But look, I get this one. Truly, I do. I get the gut-wrenching feeling that your kid is in a public school being taught a legally mandated curriculum which includes a worldview that isn't yours. And I don't even have kids yet. I'm sure I'll feel that gut-wrenching feeling a million times more strongly when I do have kids.

But here's the thing: that's part of education. I went to a Catholic school, and I had my view of Catholics exploded by people like Judith Langford who were hardcore, devoted Catholics and honest-to-God born-again Christians and genuinely "good people" in the popular sense of that overused phrase. I did not come out of that school thinking that dead people can hear me when I address them, or that Mary was without sin, or with my view of the Pope's spiritual authority altered one iota. Were all of those things taught to me in the school's mandatory religious curriculum? Yeah. And yet here I am, a thoroughly non-Catholic (though not anti-Catholic) Christian.

I was force-fed something I didn't believe in in school. And instead of being brainwashed by it or rejecting it like a bigot I learned to use it to challenge my own beliefs, to better understand the people who held that belief, and to feel compassion for them as human beings. I'm going to go so far as to say that this is one of the three critical life skills that K-12 school is supposed to teach you, and by far the most important (the others being how to write an analytical essay, and how to do algebra).

So what if your kid is forced to learn something at school you don't believe in? Is that bad? Is that to be avoided? I really don't think it is, and I mean that in all seriousness. Yes, parents are supposed to reinforce their worldview in their children. I think people who think otherwise are lunatics. But school is not parents. Kids are supposed to be exposed to different worldviews in school. Many of those worldviews are going to be garbage. That's okay. It may even be helpful. Parents have a responsibility to reinforce their worldview in their children, but they also have a responsibility to do so in a way that does not turn their kids into straitjacketed bigots who can't function in any world other than their own. If you think you can do that without having your kid be exposed to other worldviews, good luck to you.

Wednesday, August 06, 2008

Tech Support

So Thayet's laptop went down a few days ago after installing Service Pack 3. This isn't really a surprise per se; veteran PC owners have by and large come to accept the fact that Microsoft will occasionally break their systems for no good reason. It's sort of the PC equivalent of living in tornado country. Going Mac would be, I guess, I don't know, like living in New York. Do they have natural disasters in New York?

I'm not a PC expert, but I've picked up enough to be able to do basic household maintenance. I can usually diagnose the cause of a problem with reasonable precision, and I can buy and build a functional system from components. I own one or two useful gizmos with no real purpose other than when things go wrong. So I ran through the usual battery of tests and determined that the problem was indeed most likely SP3. No trouble: simply rolling back to the previous system restore point should do the trick.

Except of course you can't do that without a CD of Windows, and Thayet's laptop runs Windows XP Media Center Edition. If you're thinking that nobody has an actual disk copy of XPMC, you're right. Actually, we might have had a copy at some point; I don't know what Dell provides in their recovery CD package. Knowing Microsoft I rather doubt it (/shakes fist), but in any case, somehow those CDs got lost.

I'm not really a fan of recovery CDs, but they're cheaper than going out and buying a new copy of XP. So I called up Dell to see what it would take to get a replacement set. This meant I had to deal with tech support.

I'm not one of those geeks who abhors tech support. They're doing a job, and as anyone who's ever tried to do tech support over the phone to friends and family knows, their job is terrible. I've found that the key to a successful tech support call is to treat it like scuba diving: just relax, and never be in a hurry. Be ready to walk through all the steps you've done, and communicate everything little thing you're doing so you can stay on the same page (There is a button on the screen labeled "yes." I am going to click the button. I have clicked the button). So this post is not about how Dell tech support sucks. It's about how Dell tech support is ridiculous.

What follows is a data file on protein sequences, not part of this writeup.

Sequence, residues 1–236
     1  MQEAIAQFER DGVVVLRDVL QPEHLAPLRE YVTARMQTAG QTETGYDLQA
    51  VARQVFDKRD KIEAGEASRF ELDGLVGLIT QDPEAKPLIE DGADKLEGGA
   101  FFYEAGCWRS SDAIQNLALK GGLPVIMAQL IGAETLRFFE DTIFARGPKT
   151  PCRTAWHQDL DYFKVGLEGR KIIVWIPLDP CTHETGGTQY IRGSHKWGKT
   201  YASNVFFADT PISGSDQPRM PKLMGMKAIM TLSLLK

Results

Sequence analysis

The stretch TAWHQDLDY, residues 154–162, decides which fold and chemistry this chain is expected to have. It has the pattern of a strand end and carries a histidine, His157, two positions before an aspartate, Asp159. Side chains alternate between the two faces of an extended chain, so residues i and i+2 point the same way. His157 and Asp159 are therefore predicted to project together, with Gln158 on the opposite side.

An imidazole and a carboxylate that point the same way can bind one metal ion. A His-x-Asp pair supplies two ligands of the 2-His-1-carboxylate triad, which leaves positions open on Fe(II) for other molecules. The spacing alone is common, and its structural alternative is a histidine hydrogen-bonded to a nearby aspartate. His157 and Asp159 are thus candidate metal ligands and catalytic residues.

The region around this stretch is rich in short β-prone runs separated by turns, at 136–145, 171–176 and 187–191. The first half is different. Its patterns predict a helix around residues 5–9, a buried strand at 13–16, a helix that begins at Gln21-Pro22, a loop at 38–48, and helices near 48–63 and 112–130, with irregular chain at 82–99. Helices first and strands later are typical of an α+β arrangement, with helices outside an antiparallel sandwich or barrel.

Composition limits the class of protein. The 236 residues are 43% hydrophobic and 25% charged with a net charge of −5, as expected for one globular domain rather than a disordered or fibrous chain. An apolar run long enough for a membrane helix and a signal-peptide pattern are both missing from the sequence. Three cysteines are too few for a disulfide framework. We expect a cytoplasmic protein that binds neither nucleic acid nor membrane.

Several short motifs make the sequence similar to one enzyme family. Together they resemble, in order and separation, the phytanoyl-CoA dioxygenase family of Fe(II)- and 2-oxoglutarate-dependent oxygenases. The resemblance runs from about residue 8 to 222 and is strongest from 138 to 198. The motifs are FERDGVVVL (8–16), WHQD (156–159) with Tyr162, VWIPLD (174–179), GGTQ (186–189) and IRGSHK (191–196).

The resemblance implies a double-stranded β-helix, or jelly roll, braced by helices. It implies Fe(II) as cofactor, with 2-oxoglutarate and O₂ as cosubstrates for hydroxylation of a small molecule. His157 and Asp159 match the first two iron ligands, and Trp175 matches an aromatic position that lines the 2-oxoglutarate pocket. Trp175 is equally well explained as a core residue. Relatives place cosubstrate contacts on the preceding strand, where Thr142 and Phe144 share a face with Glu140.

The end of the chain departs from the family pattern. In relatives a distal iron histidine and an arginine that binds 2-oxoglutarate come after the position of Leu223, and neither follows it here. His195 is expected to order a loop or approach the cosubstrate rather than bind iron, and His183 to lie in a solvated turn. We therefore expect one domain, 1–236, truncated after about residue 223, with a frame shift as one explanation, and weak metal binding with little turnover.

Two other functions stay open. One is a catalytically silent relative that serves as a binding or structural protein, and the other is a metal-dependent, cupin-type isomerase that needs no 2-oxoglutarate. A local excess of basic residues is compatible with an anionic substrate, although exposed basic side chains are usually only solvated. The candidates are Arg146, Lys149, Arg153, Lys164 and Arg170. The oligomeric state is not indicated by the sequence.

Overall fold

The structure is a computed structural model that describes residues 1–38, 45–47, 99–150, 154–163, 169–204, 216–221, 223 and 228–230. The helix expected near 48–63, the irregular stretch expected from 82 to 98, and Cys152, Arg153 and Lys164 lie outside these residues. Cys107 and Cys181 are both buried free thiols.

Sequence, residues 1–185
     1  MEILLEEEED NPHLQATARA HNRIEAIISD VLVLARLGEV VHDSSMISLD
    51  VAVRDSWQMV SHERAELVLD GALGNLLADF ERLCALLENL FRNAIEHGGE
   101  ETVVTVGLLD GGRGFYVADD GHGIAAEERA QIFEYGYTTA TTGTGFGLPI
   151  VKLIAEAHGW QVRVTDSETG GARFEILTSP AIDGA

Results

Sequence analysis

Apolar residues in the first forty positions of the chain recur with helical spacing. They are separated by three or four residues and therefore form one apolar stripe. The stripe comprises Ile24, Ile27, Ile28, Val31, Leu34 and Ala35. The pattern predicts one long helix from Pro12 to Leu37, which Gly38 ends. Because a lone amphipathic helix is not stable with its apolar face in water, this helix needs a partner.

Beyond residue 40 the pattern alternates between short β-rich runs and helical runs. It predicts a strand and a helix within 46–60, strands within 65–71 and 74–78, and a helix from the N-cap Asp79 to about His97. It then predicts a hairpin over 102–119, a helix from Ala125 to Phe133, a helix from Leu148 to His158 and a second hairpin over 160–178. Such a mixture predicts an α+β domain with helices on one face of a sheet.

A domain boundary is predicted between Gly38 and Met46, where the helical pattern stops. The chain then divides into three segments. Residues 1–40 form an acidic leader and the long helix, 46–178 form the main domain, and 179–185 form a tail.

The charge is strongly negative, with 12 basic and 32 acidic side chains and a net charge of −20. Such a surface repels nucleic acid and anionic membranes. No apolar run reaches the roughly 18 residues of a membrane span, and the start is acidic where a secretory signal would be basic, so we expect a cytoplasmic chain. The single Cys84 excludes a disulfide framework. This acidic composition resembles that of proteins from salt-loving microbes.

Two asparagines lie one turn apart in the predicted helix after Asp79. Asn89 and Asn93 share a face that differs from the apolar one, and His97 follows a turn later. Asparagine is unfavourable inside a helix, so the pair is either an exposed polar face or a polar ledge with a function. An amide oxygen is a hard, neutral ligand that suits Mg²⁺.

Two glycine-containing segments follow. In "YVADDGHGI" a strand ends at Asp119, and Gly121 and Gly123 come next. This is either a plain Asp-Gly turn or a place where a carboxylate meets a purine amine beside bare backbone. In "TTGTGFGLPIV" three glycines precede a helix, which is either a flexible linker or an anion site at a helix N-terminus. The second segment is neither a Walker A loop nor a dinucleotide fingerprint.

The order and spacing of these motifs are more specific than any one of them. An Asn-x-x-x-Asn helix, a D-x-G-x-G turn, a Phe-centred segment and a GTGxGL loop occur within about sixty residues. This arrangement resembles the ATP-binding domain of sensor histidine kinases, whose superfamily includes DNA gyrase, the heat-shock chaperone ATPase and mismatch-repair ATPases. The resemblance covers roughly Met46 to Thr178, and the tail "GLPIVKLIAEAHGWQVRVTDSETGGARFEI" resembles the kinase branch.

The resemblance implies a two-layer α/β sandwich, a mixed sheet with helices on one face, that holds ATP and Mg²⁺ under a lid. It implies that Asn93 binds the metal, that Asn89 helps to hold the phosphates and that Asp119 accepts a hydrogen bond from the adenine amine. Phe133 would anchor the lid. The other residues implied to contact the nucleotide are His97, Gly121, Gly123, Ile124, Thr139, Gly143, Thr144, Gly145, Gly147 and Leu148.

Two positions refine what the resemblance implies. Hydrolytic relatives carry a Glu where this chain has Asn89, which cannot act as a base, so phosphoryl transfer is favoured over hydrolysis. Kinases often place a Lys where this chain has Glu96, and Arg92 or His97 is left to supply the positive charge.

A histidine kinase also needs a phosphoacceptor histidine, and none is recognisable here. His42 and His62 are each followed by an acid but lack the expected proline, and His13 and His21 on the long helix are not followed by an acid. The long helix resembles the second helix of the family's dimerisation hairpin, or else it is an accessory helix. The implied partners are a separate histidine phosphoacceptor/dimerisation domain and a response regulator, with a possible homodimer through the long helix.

Turns out the recovery CDs are free (great!). But they're only available to computers in warranty, which Thayet's was not (no surprise). And in any case, we really should have a service call to try to resolve the problem now, which will cost $69 since the computer is out of warranty (here we go). Couldn't they just mail me the CDs? I don't really want a service call. Well, yes, they can, but only if I purchase a temporary warranty for $69, which comes with a mandatory free service call (sigh). Is there any way I can get my hands on those CDs without paying $69 for something? No. At least the guy admitted it.

So we have our service call. There were two surprising things about that service call. The first is that it did in fact convey useful information. The second is that, if you sift through the mandatory tech support communication (see two paragraphs up), the sum total of said useful information came down to this:

Hold down Ctrl and mash F11 on boot.

I'm serious. Apparently Dell has a system restore utility on their hard drives which will hose the system and put it back to the state in which you purchased it. Accessing this utility requires holding down Ctrl and mashing F11 repeatedly on boot (I actually had to do it twice in order to mash F11 with the requisite frequency). Ridiculous.

Since I had pretty much given up hope of getting to do the easy fix (roll back to a previous system restore point) and wasn't sure that would work in any case (it is a Microsoft recovery product, after all), hosing the system was about all I could hope for. And I had an up-to-date complete backup of her hard drive anyway, so it's not like I lost anything.

But seriously. I just paid $69 for you to tell me how to access something you deliberately hid from me on the disk? There's no way I would have stumbled upon that by myself, so I admit I received valuable knowledge, but ... $69? You couldn't have, I don't know, just told me? You couldn't have included that little tidbit in the laptop's documentation somewhere?

I don't know if the Ctrl+F11 is a Dell standard thing or an industry standard thing, but this one totally goes into the computer home repair file. And it should go into yours too.

That'll be $69, please.